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ALS (Amyotrophic Lateral Sclerosis or Lou Gehrigs Disease) - Neurology

ALS (Amyotrophic Lateral Sclerosis or Lou Gehrigs Disease)

Overview

Amyotrophic lateral sclerosis is more commonly known as ALS or Lou Gehrig's disease. Lou Gehrig was a famous American baseball player stricken with the disease in the early 1940s. The disease causes progressive damage to the neuromuscular system, causing muscle weakness, limited mobility, eventual disability and death. As the disease progresses, individuals may be unable to control muscular movement, the ability to eat and speak, and the body experiences difficulty.

Medications - Medications are designed to help slow the progression of the disease. Most medications are created to reduce glutamate levels in the brain, a chemical messenger. Medications may also be prescribed to help relieve some common symptoms of the disease process including pain, muscle cramps, excess production of saliva or phlegm, as well as to treat depression. Some of the most common medications prescribed for treatment of ALS include:

  • Baclofen
  • Zanaflex
  • Rilutek - This is the only drug that's been approved by the Food and Drug Administration for treatment of ALS
  • NSAIDs - nonsteroidal anti inflammatory drugs including naproxen or ibuprofen
  • Tramadol - for pain relief

Therapy - Physical and occupational therapy may help individuals maintain muscle strength and coordination as well as range of motion. An occupational therapist helps individuals learn how to use assistive devices such as wheelchairs or walkers. Such individuals help those diagnosed with ALS to adapt their homes and environments to increase mobility and independence. Speech therapists may also help maintain speaking, chewing and mouth strength and coordination.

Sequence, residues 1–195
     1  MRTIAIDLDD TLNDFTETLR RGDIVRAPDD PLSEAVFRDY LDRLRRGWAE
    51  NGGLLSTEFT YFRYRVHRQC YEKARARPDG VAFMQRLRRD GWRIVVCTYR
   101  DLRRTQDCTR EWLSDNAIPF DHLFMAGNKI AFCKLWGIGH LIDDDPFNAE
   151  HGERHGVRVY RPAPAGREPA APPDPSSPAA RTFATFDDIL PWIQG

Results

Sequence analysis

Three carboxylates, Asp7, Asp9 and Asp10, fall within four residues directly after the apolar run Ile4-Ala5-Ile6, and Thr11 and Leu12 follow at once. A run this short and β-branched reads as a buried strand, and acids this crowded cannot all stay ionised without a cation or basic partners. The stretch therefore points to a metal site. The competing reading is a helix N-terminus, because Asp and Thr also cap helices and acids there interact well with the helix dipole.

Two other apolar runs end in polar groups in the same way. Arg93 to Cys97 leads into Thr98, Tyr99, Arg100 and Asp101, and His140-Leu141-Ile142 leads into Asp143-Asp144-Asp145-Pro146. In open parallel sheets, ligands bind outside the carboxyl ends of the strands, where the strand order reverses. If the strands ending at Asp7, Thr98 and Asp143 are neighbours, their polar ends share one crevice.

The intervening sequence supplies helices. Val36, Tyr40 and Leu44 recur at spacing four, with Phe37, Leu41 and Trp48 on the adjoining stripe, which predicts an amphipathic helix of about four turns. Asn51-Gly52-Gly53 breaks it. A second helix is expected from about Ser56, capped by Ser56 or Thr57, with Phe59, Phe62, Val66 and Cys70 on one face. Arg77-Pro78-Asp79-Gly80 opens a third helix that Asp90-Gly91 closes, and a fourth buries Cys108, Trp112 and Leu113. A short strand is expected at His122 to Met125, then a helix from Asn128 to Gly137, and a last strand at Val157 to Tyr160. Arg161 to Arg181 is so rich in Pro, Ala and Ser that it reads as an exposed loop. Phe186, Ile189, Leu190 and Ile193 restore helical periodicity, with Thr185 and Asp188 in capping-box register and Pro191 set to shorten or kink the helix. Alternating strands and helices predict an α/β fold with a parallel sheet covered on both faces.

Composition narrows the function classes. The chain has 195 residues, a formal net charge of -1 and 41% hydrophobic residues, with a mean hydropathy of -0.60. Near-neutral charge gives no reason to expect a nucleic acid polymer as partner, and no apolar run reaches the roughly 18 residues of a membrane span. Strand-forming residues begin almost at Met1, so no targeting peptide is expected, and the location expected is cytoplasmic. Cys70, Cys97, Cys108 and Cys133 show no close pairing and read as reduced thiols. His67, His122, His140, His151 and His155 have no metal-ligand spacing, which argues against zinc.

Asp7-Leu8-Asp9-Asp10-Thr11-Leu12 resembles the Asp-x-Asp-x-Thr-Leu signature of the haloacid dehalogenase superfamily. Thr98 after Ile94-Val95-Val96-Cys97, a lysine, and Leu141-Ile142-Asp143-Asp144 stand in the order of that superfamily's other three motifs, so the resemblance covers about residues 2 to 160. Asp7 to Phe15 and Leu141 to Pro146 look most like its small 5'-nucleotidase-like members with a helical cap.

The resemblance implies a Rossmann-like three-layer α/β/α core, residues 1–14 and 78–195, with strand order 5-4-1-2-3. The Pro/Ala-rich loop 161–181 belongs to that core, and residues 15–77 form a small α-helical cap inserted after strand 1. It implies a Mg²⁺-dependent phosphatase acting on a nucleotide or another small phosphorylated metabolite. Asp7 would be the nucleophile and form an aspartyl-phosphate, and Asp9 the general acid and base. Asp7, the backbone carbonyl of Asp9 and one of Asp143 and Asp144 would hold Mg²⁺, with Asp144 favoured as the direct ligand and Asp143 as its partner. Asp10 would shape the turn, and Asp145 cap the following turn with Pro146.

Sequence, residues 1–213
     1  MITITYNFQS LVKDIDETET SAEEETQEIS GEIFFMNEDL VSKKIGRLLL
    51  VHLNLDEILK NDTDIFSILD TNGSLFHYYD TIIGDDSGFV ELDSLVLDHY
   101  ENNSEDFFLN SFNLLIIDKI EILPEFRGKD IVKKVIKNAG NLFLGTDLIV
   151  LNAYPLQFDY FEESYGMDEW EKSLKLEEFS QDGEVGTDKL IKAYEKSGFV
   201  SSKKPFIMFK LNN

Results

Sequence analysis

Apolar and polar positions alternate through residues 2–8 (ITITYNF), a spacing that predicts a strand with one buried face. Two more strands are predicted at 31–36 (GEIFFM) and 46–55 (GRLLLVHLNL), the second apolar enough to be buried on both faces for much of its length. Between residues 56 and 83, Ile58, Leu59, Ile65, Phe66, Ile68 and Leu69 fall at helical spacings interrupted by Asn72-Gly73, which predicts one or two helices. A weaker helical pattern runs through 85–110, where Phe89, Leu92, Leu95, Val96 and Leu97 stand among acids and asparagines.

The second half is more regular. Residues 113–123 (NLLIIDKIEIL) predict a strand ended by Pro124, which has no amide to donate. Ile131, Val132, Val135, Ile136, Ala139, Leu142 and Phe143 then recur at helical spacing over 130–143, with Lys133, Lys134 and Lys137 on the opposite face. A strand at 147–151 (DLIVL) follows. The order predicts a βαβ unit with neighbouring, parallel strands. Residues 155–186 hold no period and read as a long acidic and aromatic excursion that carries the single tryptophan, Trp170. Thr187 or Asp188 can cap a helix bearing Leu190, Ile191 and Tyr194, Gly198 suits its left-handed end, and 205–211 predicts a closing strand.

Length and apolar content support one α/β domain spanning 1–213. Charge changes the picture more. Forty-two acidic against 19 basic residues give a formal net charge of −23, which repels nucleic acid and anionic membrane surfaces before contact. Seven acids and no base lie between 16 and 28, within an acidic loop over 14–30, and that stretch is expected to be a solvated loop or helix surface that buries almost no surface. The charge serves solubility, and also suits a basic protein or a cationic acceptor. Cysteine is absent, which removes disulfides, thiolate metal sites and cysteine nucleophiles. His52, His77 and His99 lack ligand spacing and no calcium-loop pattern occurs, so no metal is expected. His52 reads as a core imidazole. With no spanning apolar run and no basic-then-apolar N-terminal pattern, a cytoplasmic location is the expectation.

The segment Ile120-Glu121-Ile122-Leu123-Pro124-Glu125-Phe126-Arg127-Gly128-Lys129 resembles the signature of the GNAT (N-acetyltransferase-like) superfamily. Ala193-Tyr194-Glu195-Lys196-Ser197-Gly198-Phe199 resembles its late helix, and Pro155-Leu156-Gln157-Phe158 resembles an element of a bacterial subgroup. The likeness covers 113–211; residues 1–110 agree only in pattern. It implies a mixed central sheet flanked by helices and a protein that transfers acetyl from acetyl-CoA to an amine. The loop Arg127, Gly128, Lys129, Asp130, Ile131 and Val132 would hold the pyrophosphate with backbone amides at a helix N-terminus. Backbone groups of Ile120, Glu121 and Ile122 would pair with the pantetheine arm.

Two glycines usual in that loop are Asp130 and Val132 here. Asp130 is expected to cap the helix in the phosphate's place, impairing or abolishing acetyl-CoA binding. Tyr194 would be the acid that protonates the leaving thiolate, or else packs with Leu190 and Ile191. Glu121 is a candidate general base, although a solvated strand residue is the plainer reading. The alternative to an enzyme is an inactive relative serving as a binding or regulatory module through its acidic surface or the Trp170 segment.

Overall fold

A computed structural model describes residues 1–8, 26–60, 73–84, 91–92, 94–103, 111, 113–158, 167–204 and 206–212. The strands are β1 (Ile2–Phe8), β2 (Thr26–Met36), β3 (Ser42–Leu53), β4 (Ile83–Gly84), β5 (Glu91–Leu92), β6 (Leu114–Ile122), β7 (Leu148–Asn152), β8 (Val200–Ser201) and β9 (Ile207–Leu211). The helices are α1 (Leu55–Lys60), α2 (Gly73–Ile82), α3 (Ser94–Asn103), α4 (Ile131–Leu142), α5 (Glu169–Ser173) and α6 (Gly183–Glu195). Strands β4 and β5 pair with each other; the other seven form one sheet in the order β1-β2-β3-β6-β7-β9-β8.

Stem cell therapy - tests and research is still underway in the use of embryonic and adult stem cell therapies and treatments for ALS. Research has determined that embryonic stem cells are capable of developing into dopaminergic neurons, vital for normal neuromuscular function.

However, to date, very few clinical trials involving bone marrow or cord blood stem cell therapies in individuals diagnosed with ALS have been published.

Patients seeking medications or therapeutic services for the treatment of ALS should take the time to research various medical facility destinations and services offered to determine efficacy of treatments, whether stem-cell based, or alternative medicine-based, such as through Ayurvedic or other natural approaches. Discuss such treatments with a primary care provider for more detailed information regarding benefits of pursuing such avenues of help for dealing with amyotrophic lateral sclerosis.

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By: PlacidWay,

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